• TUESDAY, DECEMBER 3
  • Oral Presentations are located in Library, Room 028 {Lower Level} on  – please note timing on schedule below; there are 3 distinct presentation sequences:
    • 9:00 AM – 11:00 AM
    • 12:30 PM – 2:30 PM 
    • 2:30 PM – 4:30 PM 
  • MONDAY December 9
  • Oral Presentations will be located in Pickerl Residence Hall, Lower Level on  please note timing on schedule below:
    • 12:30 PM – 4:00 PM 
  • ***THURSDAY DECEMBER 4: No sessions are scheduled***
  • [Schedule is subject to changes; please contact Honors staff with questions]

~~~~~ Schedule ~~~~~

Monday, December 2 – Poster Presentations

Session 1: Monday, December 2 | 8:30 AM – 10:30 AM | Cunningham Memorial Library Events Area

• Anna Behrens (Operations and Supply Chain Management): Process improvement: Integrating forecasting models into the automotive supply industry
• Adam Cass (Operations and Supply Chain Management): ABC-XYZ inventory management system
• Anthony Froehlich (Physics): A systematic review of Ab Initio molecular dynamics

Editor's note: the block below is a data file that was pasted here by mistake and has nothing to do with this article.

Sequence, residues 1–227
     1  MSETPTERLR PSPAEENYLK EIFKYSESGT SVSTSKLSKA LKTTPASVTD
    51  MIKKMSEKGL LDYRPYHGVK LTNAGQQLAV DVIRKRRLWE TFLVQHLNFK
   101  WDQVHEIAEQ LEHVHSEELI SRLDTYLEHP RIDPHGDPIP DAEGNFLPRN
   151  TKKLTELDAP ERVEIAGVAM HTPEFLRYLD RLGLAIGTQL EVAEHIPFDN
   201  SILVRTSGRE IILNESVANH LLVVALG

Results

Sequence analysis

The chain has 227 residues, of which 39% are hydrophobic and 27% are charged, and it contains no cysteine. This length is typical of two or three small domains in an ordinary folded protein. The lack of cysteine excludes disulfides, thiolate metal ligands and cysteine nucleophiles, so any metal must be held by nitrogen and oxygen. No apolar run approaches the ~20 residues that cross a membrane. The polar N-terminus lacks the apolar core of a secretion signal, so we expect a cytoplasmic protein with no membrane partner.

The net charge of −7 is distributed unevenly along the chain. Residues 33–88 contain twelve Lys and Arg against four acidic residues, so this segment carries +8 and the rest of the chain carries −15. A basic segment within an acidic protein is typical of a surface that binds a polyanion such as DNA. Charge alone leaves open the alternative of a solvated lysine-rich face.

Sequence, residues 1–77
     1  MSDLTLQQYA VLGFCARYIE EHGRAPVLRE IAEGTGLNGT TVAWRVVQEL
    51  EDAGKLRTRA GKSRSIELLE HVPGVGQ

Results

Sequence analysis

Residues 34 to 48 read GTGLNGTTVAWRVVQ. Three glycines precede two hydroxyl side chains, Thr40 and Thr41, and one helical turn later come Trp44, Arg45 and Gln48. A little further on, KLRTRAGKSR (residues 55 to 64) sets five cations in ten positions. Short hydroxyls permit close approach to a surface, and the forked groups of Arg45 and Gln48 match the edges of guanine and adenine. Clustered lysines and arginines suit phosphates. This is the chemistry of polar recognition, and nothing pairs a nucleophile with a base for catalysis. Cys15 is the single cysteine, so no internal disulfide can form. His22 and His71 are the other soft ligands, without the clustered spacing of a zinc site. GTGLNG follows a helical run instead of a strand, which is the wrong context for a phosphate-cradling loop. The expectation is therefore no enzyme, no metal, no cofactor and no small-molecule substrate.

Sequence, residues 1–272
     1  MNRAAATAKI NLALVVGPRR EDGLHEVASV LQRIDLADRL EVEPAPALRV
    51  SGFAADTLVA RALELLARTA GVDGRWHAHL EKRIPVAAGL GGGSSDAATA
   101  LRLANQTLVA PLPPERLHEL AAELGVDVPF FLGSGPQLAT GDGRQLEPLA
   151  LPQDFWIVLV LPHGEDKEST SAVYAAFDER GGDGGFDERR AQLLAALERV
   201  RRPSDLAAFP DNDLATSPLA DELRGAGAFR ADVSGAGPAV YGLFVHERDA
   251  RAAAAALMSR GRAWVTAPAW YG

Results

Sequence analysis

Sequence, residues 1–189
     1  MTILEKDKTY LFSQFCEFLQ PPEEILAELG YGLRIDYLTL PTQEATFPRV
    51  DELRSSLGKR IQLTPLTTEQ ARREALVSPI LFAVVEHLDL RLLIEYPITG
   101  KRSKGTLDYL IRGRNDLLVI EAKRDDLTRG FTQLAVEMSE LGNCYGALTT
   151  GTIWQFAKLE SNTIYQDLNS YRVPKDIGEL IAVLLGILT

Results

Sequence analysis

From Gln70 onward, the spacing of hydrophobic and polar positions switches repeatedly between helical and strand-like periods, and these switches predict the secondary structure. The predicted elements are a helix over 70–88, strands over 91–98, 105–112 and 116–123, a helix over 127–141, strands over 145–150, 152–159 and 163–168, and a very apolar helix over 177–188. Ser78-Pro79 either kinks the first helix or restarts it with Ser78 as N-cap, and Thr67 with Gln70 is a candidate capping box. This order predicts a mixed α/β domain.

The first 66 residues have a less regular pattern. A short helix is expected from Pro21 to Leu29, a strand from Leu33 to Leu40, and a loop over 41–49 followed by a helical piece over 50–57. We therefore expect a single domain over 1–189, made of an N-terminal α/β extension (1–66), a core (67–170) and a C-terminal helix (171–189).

• Carlos Garcia Jr. (Finance): America’s Hoosier heartbreak
• Mykenzie Kostka (Chemistry): Search for streptococcal genes linking c-di-AMP and SpeB expression through transposon mutagenesis
• Kristen Mauer (Exercise Science): The effects of resistance training for the elderly: Improving quality of life
• Jarett Posz (Chemistry): Accessible synthesis of organotetrafluorosilicates
• Jordyn Shaw (Accounting): Disney and social issues: An analysis of how Walt Disney Studios influences our social culture
• Linzi Woodard (Criminal Justice): Stalking a growing epidemic: Stalkers and their victims

________________________________________

Session 2: Monday, December 2 | 10:30 AM – 12:30 PM | Cunningham Memorial Library Events Area

• Katelyn Ertel (Insurance and Risk Management): The sport of hunting: Women’s increasing involvement and its importance
• Taylor Guevara (Elementary Education): Changing children’s minds: Childhood mental health
• Michaela Haase (Communication): Let’s talk about sex: The most effective sex education for students
• Christopher Halstead (Music Education): Making the grade: Resources for families in Title I schools
• Connor Lindsay (Safety Management): The price of nature: Funding the national parks
• Tyler Neuenschwander (Unmanned Systems): An analysis of unmanned vehicles in cargo transport
• Claire Sum (Biology): A search for streptococcal genes linking c-di-AMP and SpeB expression through transposon mutagenesis
• Hayley Tague (Mechanical Engineering Technology): Tall towers and tremendous impacts: The interrelationship of art and engineering
• Lauren Watson (Management Information Systems): Wearable technology in sports medicine: Its impact on injury prevention and detection
• Sabrina Weir (Nursing): Vaccinating silence: Inequity in gender-based HPV education and vaccination


Tuesday, December 3 – Oral Presentations